« Prev XLVIII. Thank God. Next »


A NUNCIO of the Pope’s was treated at Sienna, by a prime person, with a great feast. It happened there was present thereat a syndic of the city (being a magistrate, parallel in his place to one of our aldermen), who, as full of words as empty of wit, engrossed all the discourse at the table to himself, who might with as good manners have eaten all the meat at the supper.

The entertainer, sorry to see him discover so much weakness to the disgrace of himself, endeavoured to stop the superfluity of his talk. All in vain: the leaks in a rotten ship might sooner be stanched. At last, to excuse the matter (as well as he might) he told the nuncio privately, You, I am sure, have some weak men at Rome, as well as we have at Sienna. We have so, said the nuncio, but we make them no syndics.

It cannot be otherwise but that, in so spacious a land, so numerous a people as England is, we 288must have many weak men, and some of them of great wealth and estates. Yea, such who are not only guilty of plain and simple ignorance, but of ignorance guarded and embroidered with their own conceitedness. But, blessed be God, they are not chosen Parliament men; the diffusive nation was never more careful in their elections of their representatives.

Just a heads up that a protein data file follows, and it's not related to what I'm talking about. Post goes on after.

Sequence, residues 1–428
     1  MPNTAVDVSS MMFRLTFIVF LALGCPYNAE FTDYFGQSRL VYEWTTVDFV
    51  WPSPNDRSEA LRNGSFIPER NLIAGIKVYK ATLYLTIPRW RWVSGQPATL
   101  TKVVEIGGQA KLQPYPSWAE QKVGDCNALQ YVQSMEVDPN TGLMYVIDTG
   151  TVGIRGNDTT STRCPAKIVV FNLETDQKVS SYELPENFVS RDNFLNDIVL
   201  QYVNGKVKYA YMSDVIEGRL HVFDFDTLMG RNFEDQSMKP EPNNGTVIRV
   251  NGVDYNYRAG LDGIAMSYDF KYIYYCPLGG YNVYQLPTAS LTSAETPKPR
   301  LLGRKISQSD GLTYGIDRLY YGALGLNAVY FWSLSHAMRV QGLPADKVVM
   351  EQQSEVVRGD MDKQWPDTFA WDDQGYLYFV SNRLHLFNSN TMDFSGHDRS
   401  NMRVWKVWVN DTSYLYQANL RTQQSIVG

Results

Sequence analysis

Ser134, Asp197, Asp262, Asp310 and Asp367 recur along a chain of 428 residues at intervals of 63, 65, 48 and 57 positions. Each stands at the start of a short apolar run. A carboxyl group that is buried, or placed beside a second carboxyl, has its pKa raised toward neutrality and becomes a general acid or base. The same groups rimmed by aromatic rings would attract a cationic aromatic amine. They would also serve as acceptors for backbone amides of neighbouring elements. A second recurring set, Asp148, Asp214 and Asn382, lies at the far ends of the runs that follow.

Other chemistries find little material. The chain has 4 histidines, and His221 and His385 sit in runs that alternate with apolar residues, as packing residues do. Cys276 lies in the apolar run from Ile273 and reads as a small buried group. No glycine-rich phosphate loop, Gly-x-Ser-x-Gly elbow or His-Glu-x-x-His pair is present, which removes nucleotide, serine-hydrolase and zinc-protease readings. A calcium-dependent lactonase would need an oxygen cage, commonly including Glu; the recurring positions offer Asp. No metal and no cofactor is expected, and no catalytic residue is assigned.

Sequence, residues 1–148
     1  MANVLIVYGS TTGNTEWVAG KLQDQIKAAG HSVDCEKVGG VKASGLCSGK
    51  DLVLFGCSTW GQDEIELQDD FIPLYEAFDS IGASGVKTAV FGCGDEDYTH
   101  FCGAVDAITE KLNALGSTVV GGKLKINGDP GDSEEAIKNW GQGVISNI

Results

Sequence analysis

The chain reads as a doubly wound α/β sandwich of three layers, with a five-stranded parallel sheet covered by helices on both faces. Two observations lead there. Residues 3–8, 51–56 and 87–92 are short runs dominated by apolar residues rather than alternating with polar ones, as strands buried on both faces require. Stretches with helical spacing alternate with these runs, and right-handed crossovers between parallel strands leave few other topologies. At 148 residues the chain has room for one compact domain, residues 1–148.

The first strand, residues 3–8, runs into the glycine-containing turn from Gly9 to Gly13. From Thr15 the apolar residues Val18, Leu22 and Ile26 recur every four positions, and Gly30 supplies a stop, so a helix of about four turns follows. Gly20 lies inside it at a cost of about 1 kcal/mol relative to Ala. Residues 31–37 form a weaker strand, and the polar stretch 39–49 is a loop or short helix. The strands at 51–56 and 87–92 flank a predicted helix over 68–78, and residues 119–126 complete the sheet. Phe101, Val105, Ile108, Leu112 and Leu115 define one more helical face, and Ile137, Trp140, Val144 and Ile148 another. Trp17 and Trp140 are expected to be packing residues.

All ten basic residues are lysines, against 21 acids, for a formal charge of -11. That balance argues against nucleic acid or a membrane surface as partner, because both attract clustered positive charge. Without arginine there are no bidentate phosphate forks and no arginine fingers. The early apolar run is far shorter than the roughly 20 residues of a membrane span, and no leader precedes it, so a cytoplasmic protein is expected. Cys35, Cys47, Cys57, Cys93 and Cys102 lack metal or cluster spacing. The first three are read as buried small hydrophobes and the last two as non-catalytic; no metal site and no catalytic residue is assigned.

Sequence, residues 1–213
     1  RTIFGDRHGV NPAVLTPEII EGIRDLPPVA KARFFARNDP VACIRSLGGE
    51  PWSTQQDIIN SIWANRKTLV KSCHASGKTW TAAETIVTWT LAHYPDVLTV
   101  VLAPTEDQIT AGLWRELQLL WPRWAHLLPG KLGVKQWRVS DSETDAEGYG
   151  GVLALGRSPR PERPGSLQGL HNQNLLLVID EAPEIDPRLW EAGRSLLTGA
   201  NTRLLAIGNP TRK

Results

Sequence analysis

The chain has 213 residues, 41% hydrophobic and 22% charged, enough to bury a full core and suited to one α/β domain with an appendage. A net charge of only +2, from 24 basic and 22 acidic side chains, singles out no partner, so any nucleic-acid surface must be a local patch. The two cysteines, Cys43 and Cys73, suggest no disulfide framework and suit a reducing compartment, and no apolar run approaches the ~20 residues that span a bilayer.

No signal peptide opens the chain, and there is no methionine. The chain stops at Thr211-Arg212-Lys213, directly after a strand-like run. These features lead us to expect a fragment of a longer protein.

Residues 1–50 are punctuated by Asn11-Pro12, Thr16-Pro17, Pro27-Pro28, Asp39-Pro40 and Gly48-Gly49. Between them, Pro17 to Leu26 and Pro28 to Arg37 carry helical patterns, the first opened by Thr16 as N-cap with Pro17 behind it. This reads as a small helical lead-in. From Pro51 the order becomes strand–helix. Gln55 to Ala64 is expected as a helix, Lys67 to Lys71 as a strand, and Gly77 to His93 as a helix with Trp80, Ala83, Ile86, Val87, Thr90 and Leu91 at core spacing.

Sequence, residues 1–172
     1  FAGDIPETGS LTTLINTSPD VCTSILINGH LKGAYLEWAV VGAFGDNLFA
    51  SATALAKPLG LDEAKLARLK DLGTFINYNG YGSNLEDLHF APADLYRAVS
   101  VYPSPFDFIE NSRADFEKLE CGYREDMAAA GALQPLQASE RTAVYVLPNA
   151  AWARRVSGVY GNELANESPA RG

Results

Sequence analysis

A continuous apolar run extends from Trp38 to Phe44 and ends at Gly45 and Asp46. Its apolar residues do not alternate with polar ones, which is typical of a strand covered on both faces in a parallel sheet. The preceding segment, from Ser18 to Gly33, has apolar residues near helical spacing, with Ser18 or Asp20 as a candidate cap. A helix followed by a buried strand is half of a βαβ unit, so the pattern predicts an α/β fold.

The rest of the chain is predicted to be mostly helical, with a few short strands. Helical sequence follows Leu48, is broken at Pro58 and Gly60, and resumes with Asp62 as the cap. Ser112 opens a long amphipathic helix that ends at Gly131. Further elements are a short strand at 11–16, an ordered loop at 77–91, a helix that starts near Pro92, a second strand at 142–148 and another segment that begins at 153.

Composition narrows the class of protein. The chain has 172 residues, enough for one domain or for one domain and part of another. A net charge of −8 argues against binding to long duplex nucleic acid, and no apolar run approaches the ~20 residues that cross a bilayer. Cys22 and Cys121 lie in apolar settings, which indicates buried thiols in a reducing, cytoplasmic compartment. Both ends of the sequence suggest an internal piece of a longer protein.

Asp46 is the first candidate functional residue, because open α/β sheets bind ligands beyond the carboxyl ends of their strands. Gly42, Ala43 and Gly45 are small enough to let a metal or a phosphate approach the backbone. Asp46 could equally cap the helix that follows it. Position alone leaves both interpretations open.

God grant, that, as the several day’s works in the creation were singly by God pronounced good, but the last day’s work (being the collection and complication of them all) very good, [Gen. i. 31.] so these persons, good as single instruments, may be best in a concert as met together.

« Prev XLVIII. Thank God. Next »
Please login or register to save highlights and make annotations
Corrections disabled for this book
Proofing disabled for this book
Printer-friendly version


| Define | Popups: Login | Register | Prev Next | Help |